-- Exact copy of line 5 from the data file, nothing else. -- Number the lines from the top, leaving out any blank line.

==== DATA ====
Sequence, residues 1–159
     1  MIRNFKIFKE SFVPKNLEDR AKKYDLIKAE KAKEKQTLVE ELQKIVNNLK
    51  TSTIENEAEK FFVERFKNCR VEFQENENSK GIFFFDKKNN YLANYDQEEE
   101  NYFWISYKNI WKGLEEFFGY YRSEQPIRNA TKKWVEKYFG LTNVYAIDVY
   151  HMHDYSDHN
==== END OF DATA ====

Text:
   151  HMHDYSDHN